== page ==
I think the time has come to come clean and admit it publicly: the time of this blog is over. I have come a long way since this blog started in November 2006. These were the glorious times of the electoral campaign opposing Sarko and Segolene in France, the times of the global economic boom, and the rise of the oil-price powers. Sarko has turned out to be what I feared: a shallow and pusillanimous reformer. The boom is over. And the oil-price powers (Russia, Venezuela, Iran) are becoming nastier.
I wanted to explain to my friends why globalisation, although it’s problematic, is good. And why a government’s meddling in the production process of an economy (not the absence of government, or of social services for that matter, that’s different!) brings so much misfortune. To some extent, I have managed to stir some thoughts here and there. And I think I have been proven right, when one sees where countries like Russia are now, where capitalist oligarchs and bureaucrats usurp the show and cash in. (In the beginning I was too optimistic about the fact that globalising would open Russia’s polity more.) Yet mostly people who don’t want to change their minds won’t. One preaches only to the converted. It’s the effort of personal thought, the courage to be curious and let one’s own views be challenged, and experience, that changes one’s outlook. But the real failure if this blog is… to make globalization sexy enough for Cosmopolitan (see here)…:)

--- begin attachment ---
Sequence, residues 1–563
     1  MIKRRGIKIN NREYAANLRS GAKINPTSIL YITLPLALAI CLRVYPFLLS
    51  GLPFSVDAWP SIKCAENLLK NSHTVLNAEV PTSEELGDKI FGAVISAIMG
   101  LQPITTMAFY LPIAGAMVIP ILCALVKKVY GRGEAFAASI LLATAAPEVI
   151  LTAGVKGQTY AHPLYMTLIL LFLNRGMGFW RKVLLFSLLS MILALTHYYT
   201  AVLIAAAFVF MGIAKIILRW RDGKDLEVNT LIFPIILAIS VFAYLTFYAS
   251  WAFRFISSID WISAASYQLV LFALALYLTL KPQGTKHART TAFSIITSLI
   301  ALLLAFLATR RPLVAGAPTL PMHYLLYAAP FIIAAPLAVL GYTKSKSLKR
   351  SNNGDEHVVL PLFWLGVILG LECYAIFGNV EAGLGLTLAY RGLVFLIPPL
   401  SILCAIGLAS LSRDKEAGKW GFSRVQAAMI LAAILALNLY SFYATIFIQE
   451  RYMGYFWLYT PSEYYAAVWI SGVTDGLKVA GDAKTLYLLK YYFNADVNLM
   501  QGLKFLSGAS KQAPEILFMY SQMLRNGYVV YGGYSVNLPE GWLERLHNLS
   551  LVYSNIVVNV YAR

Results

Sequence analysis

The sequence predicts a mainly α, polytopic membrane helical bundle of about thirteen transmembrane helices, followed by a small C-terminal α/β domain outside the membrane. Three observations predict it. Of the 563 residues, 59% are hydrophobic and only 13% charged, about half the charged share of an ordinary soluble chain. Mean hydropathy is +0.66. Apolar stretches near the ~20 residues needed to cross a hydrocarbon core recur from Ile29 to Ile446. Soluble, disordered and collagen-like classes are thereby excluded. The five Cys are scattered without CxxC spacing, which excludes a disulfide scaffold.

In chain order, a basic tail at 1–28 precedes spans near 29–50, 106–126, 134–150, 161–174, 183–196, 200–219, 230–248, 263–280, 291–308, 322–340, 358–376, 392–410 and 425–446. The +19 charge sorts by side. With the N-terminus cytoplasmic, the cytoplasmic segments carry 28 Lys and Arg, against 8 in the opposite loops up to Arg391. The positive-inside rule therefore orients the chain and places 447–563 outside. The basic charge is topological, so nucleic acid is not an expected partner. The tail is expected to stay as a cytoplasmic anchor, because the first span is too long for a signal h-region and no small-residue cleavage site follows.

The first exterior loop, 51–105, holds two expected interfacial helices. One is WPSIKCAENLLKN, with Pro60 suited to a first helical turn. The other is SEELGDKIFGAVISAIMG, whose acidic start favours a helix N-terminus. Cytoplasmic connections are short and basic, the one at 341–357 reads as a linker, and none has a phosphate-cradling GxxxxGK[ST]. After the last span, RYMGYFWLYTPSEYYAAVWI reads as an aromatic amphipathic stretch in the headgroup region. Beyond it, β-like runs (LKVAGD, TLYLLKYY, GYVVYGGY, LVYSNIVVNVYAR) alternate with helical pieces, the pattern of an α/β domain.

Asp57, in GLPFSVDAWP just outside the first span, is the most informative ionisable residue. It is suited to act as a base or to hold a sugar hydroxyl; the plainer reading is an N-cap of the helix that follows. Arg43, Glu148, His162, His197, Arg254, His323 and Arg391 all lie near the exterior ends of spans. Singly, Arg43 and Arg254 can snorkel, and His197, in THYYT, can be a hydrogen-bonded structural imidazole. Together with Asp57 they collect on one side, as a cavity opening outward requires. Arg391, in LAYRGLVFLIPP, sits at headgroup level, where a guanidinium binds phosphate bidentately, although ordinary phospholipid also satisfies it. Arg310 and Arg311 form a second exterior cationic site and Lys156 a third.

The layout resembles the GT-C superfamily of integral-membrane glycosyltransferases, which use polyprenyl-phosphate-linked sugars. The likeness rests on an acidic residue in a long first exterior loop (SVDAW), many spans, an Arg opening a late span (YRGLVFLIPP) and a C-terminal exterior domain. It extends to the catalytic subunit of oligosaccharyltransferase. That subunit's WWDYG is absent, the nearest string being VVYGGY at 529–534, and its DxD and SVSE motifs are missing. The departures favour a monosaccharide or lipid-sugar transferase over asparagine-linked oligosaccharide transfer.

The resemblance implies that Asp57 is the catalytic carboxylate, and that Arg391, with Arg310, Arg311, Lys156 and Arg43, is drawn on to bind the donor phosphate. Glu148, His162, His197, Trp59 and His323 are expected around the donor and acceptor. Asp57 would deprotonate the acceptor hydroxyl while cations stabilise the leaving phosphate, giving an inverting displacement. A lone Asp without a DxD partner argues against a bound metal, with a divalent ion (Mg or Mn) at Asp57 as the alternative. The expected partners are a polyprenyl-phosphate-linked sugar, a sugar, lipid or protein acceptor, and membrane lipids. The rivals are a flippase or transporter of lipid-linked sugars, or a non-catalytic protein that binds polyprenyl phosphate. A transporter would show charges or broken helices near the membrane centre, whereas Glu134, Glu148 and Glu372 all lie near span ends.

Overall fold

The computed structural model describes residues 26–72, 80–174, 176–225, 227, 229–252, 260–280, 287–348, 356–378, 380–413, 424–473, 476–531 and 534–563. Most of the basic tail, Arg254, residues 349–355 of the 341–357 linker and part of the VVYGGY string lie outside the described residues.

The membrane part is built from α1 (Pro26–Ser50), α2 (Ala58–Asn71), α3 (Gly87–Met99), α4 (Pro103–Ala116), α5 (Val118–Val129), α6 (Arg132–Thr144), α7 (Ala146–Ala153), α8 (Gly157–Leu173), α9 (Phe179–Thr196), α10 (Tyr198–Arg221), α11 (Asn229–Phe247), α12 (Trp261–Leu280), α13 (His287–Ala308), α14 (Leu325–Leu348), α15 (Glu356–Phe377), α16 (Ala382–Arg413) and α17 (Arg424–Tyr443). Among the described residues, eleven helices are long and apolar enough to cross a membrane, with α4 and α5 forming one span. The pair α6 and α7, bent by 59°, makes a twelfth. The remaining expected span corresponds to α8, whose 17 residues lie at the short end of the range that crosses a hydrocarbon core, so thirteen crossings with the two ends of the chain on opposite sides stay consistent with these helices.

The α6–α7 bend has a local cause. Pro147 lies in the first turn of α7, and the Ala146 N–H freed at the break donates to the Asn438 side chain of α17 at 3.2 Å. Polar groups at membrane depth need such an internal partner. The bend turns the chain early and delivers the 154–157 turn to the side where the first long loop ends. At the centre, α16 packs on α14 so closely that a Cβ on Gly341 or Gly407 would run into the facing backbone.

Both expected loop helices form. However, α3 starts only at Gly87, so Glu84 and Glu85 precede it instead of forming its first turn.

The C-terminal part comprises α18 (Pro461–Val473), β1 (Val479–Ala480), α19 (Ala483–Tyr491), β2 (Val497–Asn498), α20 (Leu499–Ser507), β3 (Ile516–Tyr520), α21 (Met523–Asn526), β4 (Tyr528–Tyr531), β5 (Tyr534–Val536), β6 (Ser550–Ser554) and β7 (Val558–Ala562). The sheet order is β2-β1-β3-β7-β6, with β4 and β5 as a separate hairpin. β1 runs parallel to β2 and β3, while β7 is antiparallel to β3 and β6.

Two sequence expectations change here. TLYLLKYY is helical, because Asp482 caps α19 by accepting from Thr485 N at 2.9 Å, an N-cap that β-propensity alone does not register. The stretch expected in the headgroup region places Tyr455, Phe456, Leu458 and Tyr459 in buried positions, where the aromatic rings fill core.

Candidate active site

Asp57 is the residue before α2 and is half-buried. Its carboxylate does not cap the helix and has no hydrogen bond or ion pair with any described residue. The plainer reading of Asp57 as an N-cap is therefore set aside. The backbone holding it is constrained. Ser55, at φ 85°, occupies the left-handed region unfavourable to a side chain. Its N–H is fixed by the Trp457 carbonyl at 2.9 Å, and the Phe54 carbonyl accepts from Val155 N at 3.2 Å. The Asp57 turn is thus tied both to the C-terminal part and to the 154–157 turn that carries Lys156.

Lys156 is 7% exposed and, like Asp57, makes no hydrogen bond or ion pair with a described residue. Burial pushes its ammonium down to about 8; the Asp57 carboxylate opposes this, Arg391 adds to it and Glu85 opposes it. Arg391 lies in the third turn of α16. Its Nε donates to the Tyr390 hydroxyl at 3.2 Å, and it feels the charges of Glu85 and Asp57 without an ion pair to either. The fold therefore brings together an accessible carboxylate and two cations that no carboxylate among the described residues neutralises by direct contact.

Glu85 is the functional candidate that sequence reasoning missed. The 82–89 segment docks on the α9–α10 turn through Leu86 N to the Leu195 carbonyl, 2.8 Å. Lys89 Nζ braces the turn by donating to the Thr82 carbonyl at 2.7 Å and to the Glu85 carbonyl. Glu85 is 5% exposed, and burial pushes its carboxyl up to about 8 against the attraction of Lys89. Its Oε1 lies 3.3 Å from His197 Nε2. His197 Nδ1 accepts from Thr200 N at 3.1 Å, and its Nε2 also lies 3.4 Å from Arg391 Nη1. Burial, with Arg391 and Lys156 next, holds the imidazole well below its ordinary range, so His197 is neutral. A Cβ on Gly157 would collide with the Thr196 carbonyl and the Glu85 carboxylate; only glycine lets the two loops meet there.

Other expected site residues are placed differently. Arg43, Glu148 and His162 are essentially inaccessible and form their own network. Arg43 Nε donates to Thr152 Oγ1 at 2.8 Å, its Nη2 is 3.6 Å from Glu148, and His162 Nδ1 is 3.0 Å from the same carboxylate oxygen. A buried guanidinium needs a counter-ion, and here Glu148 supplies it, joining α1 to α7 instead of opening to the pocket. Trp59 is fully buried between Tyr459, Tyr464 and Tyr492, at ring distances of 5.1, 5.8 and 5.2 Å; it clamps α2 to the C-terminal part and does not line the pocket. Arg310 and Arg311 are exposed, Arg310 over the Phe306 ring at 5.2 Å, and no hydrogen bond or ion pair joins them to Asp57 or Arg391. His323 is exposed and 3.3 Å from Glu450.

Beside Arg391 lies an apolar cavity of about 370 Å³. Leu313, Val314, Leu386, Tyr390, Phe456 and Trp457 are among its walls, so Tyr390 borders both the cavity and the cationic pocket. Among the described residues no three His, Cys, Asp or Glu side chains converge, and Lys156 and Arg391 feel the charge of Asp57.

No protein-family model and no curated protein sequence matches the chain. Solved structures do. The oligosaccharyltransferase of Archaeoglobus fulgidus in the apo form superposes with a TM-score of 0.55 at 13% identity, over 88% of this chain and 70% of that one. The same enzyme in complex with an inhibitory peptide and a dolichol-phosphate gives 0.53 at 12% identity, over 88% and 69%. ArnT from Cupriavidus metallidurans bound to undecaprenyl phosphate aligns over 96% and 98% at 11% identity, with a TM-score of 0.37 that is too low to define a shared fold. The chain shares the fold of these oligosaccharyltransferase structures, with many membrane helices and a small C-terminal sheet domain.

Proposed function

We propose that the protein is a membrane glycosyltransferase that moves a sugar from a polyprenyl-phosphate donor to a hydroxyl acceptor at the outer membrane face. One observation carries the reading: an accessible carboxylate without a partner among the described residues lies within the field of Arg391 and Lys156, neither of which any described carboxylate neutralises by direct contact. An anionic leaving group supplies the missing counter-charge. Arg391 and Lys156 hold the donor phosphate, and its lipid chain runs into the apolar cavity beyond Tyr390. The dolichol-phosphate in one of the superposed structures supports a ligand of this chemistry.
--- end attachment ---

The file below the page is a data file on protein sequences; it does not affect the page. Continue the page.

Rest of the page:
I have evolved as well. In fact I have deepened my experience with this thing called “globalisation”. Not least through my current job at ECIPE where I am steeped in the day-to-day policy grindings of business (and, at times, people) crossing borders, or not, depending on whether they’re allowed to or not. And what does one do when plunging in these matters? One goes old-fashioned: it’s about tariffs, monetary policy, competition policy, law, institutions,….boring, dry, dull stuff… One goes always further back in time, starts with a Martin Wolf (see below), and ends up somewhere with Montaigne, while falling in love with Friedrich von Hayek and other Austrians, Brits and Indians on the way. What a development!